Navy SEALs don’t often talk publicly about what they do. There are rare occasions, though, like the killing of Osama Bin Laden, that are hard to keep silent about. After SEAL Team 6’s raid in 2011 that took out Bin Laden, there have been conflicting accounts of that night. Now more details are coming to light.
Robert O’Neil says he’s the one who killed Bin Laden. O’Neil, 41, fought in more than 400 combat missions. The story of his service is chronicled in his new book The Operator.
Their first indications that they were at the right spot came when the team blew up a steel door, only to find a brick wall behind it. It was a fake. One of the team was upset that they hadn’t gotten in, but O’Neil told him “No, this is good. That’s a fake door. That means he’s in there.”
Robert O’Neill describes the moment he pulled the trigger and shot Osama Bin Laden in a high-security compound in Abbottobad, Pakistan.
The next door provided them with the access they needed. “Holy shit,” O’Neil was thinking at the time. “We’re here, that’s Bin Laden’s house. This is so cool. We’re probably not going to live, but this is historic and I’m going to savor this.”
“The woman intel analyst had told us we should expect Khalid bin Laden, Osama’s 23-year-old son, to be there, armed and ready, his father’s last line of defense.”
‘”If you find Khalid,” she told us, “Osama’s on the next floor.”‘
They found him.
One of the SEALs had learned to say “Khalid, come here” in Arabic. He spoke the phrase to a man standing on the stairs. It reportedly confused the young man. He stuck his head around a corner to see who had called out to him, and he was shot in the head.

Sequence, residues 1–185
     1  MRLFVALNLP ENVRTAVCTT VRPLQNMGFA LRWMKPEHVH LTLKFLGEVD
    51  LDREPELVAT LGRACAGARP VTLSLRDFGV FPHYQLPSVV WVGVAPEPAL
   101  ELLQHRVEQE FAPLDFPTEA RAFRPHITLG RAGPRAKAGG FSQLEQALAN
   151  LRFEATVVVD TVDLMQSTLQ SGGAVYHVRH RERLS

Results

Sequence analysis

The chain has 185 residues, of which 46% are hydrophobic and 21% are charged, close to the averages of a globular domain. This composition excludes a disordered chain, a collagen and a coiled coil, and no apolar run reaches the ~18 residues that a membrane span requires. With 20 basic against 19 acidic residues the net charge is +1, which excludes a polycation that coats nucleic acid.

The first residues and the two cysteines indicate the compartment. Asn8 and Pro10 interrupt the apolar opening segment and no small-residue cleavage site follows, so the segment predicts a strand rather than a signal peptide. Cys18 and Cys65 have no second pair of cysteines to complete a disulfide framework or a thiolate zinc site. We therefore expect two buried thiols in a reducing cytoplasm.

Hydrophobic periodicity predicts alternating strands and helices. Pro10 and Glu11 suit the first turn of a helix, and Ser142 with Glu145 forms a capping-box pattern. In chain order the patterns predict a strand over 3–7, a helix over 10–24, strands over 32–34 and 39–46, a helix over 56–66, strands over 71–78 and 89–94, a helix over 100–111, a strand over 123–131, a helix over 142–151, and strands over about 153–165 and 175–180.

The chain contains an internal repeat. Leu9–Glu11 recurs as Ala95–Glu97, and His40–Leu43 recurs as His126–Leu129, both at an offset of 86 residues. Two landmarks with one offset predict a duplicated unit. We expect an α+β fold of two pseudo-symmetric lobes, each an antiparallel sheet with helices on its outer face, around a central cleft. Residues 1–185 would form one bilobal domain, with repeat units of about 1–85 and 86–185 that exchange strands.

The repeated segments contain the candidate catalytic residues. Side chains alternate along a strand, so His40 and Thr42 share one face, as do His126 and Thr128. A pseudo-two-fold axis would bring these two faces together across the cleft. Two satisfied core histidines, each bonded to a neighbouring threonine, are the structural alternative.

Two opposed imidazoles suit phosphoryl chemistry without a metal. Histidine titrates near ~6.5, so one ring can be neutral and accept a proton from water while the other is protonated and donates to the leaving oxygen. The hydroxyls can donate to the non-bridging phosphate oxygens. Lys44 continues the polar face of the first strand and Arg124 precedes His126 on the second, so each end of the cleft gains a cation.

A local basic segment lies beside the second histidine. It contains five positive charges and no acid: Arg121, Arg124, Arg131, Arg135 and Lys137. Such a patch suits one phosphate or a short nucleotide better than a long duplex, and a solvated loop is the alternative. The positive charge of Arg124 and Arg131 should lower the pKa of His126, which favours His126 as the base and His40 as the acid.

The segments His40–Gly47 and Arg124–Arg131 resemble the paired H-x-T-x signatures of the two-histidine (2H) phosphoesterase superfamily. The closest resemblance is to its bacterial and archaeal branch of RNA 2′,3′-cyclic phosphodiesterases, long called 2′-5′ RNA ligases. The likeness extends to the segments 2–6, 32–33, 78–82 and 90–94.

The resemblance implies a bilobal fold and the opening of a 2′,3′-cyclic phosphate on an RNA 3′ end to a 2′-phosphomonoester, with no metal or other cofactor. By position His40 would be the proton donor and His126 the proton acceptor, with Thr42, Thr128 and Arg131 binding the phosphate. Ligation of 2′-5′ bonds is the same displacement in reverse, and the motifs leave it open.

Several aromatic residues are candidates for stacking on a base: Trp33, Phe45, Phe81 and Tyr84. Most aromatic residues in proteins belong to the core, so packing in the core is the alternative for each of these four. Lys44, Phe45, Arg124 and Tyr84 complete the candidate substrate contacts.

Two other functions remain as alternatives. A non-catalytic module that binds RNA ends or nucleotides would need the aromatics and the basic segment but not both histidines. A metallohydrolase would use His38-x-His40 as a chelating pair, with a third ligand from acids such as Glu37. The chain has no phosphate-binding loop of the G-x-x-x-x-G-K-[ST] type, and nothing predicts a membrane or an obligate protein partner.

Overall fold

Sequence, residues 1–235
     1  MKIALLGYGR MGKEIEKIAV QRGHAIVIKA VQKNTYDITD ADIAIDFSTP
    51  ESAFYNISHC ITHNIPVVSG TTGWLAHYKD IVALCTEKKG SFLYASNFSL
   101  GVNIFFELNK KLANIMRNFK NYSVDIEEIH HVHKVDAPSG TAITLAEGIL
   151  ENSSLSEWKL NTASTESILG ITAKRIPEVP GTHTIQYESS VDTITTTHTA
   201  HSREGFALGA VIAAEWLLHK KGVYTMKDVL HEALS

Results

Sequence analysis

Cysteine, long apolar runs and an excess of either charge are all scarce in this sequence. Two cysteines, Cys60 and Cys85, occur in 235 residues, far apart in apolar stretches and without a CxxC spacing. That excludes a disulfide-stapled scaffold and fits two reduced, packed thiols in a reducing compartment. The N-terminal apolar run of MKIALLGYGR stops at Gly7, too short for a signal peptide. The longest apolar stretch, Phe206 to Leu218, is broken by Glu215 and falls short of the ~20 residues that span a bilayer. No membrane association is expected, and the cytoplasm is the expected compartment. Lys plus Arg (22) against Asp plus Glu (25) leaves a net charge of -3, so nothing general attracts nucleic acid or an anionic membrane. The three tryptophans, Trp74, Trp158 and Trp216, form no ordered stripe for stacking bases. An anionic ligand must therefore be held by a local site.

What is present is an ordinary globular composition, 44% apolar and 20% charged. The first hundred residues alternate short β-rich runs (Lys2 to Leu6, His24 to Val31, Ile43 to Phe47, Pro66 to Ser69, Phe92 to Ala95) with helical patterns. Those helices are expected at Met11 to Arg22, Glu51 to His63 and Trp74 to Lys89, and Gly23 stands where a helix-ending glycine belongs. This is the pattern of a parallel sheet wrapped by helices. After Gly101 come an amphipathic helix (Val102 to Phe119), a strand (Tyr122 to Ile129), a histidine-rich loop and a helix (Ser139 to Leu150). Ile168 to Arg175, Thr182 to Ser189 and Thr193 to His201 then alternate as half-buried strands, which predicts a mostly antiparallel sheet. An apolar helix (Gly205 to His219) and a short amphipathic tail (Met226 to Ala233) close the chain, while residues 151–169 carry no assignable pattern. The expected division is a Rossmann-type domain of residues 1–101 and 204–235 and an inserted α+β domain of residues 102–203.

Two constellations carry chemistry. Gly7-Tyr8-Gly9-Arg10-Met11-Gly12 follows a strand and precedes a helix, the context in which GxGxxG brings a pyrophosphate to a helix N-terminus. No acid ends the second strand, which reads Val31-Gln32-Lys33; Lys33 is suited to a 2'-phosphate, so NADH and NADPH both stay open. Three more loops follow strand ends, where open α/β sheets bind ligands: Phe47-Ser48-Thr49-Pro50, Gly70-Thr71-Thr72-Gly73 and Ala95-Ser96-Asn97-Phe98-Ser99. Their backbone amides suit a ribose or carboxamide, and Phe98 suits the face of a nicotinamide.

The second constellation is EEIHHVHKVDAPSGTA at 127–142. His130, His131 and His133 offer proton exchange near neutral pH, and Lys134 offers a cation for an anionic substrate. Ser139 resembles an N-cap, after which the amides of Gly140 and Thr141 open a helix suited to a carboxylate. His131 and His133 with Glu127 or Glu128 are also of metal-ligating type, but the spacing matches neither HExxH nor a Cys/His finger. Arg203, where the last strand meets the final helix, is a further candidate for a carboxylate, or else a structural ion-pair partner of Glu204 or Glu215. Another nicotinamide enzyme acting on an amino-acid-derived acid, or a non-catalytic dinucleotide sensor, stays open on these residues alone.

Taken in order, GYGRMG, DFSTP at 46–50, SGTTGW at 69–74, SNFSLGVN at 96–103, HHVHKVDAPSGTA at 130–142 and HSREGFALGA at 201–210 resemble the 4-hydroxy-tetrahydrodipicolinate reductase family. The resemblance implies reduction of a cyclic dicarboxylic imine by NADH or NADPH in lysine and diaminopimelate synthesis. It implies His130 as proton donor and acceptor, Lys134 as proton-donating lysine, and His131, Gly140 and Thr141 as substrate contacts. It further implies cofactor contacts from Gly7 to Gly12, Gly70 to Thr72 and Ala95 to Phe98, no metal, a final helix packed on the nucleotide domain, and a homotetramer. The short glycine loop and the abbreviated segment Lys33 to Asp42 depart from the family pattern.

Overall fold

The advanced team was supposed to wait for support. “Our tactics said we should wait for more guys, but we needed to get up there….”
“And then I had a thought so clear it was like a voice in my head. I’m tired of worrying about it, let’s just get it over. It wasn’t bravery, it was more like fatigue – I’m fucking done with waiting for it to happen.”
There were two women at the top of the stair case. The point man jumped at them, thinking they were wearing suicide vests. “If they blew up, his body would absorb most of the blast and I’d have a better chance of surviving and doing what we had come there to do,” O’Neill wrote of the man’s sacrifice.
They didn’t, but that allowed O’Neil to move into the room where Bin Laden was.
Bin Laden was “taller and thinner than I’d expected, his beard shorter and hair whiter.”
The youngest wife of the terrorist leader was in front of him, and stood to shield him. O’Neil shot over her shoulder. He fired two shots. “Bin Laden’s head split open and he dropped,” he wrote.
To be sure he was dead, O’Neil “put another bullet in his head. Insurance.”
O’Neil’s book is going to find an enthusiastic readership, even if his description of SEAL missions is controversial.
“A critical tenant of our ethos is ‘I do not advertise the nature of my work, nor seek recognition for my actions,'” Rear Adm. Brian Losey said when O’Neil first made the claim that he killed Bin Laden back in 2014. “Our ethos is a life-long commitment and obligation, both in and out of the service. Violators of our ethos are neither teammates in good standing, nor teammates who represent Naval Special Warfare.”
Scribner, who published his book, released a statement on O’Neil’s behalf saying he wanted to show the human side of the SEALs.
“They are extraordinary people, but they are also normal and I was proud to serve with them,” O’Neil’s statement read. “I also wanted to show that it is possible to do anything you want, no matter where you are from, as long as you work hard, avoid negativity and never quit.”
Even so, the Pentagon isn’t pleased about O’Neil’s decision to write this book. He didn’t clear it with them, initially, and they sued him. O’Neil will have to pay millions to the government to cover back earnings and legal fees.